Back then in 2006, an single camera shot, uncut, was enough to "make it" as long as the artist in front of the camera had talent.

Tiffany Alvord THEN (2008)

Nowadays, music videos need more polish. Audiences want the cool music as well as visually striking moving images.

Tiffany Alvord NOW (2013)

Take a look at Tiffany Alvord's videos when she started and now. She recalls:

"doing a cover in your room was good enough and everyone loved that. Then slowly, everybody started doing more professional videos and now you have to be really competitive to keep up. Right now it would be really hard to start out in your room singing."

Practically, this means synchronizing footage from multiple HD cameras, adding subtle visual FX (classy light leaks, easy on the film burn), and advanced color grading to get visual consistency throughout.   The work of pros. The good news is that it is also getting easier to find great post-production artists to help you, and this kind of quality is now accessible - browse video editor profiles

Tip #2:   for comedy videos, integrate creative editing techniques

Ray William Johnson was already pretty hilarious when he started in 2006 without much post prod. And over the years he and his team (Justin Johns is the editor) have aptly adopted motion graphics & visual FX to blend in with their style.

Back in 2009, RWJ's videos already had distinctive transitions and soundFX.

Ray William Johnson THEN (2009)

Nowadays, RWJ routinely uses compositing, greenscreen & visual FX to add to his comedic effects.

Ray William Johnson NOW (2013)

Tip #3:   for sports videos, make the most of HD and high FPS in post

With GoPro3 and the iPhone 5s, we are seeing more and more high quality slow motion footage, and it's opening a whole new field of post-production for all of us to explore.

Dude Perfect is one of the top Sports channels, they use punchy title sequences, and lots of HD slo mo.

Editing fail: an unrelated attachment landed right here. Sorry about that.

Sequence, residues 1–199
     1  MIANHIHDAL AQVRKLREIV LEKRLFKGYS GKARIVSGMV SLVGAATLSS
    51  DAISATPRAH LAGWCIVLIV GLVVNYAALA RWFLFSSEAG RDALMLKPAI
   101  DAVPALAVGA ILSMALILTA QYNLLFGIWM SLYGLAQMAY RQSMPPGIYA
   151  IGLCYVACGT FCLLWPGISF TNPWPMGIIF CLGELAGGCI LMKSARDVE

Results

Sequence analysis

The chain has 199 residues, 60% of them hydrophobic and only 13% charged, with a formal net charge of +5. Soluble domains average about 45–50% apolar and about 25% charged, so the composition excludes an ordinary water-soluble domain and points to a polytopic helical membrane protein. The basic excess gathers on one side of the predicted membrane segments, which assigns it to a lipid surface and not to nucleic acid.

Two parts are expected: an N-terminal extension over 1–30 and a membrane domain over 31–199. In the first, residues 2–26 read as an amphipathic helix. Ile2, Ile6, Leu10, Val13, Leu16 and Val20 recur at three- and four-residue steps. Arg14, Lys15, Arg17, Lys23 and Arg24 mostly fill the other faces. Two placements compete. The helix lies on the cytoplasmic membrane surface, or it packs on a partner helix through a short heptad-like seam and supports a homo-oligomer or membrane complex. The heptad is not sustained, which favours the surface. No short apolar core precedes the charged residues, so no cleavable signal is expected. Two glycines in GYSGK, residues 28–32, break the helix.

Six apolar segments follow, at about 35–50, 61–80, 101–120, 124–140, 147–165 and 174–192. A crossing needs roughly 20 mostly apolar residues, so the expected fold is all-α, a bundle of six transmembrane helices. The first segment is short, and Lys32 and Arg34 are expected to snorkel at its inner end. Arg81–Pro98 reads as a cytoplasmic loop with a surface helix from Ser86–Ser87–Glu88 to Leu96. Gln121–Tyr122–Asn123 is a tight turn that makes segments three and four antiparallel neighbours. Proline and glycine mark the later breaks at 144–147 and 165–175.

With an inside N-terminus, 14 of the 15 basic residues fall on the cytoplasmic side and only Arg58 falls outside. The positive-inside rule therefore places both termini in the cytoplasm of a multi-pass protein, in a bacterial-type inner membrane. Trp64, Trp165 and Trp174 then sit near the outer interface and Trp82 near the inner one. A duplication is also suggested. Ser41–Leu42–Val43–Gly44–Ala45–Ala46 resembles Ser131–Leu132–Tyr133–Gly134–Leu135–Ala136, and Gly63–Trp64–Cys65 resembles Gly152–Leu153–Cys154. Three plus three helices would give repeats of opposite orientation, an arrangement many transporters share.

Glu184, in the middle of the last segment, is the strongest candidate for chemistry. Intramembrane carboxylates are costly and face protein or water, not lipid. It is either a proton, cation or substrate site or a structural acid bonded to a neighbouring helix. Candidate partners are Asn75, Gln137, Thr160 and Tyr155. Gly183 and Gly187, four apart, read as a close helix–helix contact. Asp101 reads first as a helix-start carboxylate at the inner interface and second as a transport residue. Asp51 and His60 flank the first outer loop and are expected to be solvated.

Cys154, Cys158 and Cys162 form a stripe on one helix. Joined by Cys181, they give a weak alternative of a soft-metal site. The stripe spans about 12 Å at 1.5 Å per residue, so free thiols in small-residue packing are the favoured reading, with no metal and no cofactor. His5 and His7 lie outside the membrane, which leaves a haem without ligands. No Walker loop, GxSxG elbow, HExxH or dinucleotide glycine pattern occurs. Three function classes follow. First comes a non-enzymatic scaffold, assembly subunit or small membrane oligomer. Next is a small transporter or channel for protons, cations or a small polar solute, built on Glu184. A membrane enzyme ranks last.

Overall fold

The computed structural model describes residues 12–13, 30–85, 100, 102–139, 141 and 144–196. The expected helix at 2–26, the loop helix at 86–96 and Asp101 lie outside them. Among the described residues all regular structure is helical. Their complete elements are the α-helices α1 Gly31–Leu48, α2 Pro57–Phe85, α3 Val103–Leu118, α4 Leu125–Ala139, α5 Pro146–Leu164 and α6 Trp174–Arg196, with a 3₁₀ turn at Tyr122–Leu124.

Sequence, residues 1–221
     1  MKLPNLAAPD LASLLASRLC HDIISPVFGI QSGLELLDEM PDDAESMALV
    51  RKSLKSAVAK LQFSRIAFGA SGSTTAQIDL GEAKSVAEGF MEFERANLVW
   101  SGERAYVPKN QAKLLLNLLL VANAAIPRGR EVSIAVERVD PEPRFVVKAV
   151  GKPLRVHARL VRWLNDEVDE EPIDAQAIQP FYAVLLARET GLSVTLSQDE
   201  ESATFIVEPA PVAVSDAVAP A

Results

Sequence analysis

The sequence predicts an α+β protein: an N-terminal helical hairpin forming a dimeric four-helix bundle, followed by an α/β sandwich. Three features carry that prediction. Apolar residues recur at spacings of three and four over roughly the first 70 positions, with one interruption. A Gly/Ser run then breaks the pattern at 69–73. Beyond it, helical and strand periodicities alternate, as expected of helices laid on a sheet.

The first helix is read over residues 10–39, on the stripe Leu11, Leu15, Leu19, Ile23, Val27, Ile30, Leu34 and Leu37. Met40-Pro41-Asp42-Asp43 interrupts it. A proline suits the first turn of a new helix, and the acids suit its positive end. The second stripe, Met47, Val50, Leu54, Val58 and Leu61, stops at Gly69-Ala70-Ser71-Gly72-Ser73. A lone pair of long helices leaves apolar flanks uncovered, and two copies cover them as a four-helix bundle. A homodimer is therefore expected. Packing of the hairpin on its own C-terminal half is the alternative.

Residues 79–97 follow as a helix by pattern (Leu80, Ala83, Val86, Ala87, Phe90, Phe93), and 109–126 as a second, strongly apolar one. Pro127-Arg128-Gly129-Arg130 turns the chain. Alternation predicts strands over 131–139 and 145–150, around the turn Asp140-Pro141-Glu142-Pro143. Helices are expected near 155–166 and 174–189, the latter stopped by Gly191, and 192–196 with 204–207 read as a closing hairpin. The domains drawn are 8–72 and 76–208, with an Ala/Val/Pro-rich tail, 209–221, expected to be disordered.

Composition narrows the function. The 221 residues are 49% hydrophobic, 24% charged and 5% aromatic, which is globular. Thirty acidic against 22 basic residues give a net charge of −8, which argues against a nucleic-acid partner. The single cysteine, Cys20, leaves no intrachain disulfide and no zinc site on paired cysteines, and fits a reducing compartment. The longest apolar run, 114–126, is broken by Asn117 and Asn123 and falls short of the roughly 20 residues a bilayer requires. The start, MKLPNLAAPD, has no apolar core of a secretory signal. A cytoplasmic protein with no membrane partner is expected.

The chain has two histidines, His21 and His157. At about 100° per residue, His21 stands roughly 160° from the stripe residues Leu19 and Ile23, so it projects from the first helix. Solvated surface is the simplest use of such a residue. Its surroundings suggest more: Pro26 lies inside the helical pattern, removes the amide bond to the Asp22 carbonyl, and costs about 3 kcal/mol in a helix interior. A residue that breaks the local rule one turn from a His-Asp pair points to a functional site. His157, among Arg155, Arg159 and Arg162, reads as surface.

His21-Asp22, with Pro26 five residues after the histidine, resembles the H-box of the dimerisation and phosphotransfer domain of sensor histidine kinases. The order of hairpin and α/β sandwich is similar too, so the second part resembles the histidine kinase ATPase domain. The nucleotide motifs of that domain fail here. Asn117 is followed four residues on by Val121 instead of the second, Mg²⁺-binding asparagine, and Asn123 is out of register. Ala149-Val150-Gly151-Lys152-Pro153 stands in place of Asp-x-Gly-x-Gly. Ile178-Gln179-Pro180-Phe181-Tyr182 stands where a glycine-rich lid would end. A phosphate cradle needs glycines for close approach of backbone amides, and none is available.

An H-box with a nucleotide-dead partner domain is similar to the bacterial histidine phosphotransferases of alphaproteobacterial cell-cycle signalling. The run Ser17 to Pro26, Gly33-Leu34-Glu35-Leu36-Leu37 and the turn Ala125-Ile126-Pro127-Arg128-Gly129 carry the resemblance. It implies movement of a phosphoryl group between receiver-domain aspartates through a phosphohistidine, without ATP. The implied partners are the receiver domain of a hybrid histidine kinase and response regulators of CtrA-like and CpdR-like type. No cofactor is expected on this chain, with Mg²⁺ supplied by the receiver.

Dude perfect

GoProCamera is there to demo what HD 120 fps can do for your videos

Official GoPro

This is the latest video posted on GoPro's channel (as of now). Compared to 2008 when GoPro first started their channel, not much has changed, except that the frames per second is higher which allows to slow down more dramatically (or it's folks making even crazier jumps ;-).

Another Official GoPro

Tip #4:   vary your editing style to keep things interesting

In three of her recent videos Michelle Phan goes for different post-production styles, different typography and different illustrations, in each one, some with motion graphics, some with visual FX, some more classic.

Editing style #1 - check out next week's video, it will be quite a different style.

Michelle Phan, Aug 30 2013

Different fonts, different illustration style from a week ago.

One week later, different editing

Editing style #3 - yet another style.

Two weeks later, different editing

Tip #5:  add pace through fast jump cuts, or cropped frames

Without going as far as Holasoygerman or lady16makeup, it's safe to say that Youtube audiences have a high tolerance for fast cuts, and have even grown to expect them. So know when to break the laws of continuity-editing and consider some jump cuts to build pace.

Better yet, cut to a view from a second camera, or used cropped frames if you only have one camera. Cropped frames is a trick where we create seemingly 2 different views from the same shot, one view is the original (eg. filmed in 1080) and the other is a zoomed in view (eg. zoomed to 720p), and we cut from one to the other.

HolaSoyGerman is one of the most subscribed channel, daily/weekly shows, each grossing 1-3M views. The super fast jump cuts accentuate German's supercharged personality. Hard not to engage, even for someone whose mastery of Spanish stops at "Ola que tal"...

Fast jump cuts

MacBarbie07 gained almost 1M subscribers this summer. Her videos use smash cuts (opening sequence) which outside of Youtube would be quite disorienting, and jump cuts in the master shot.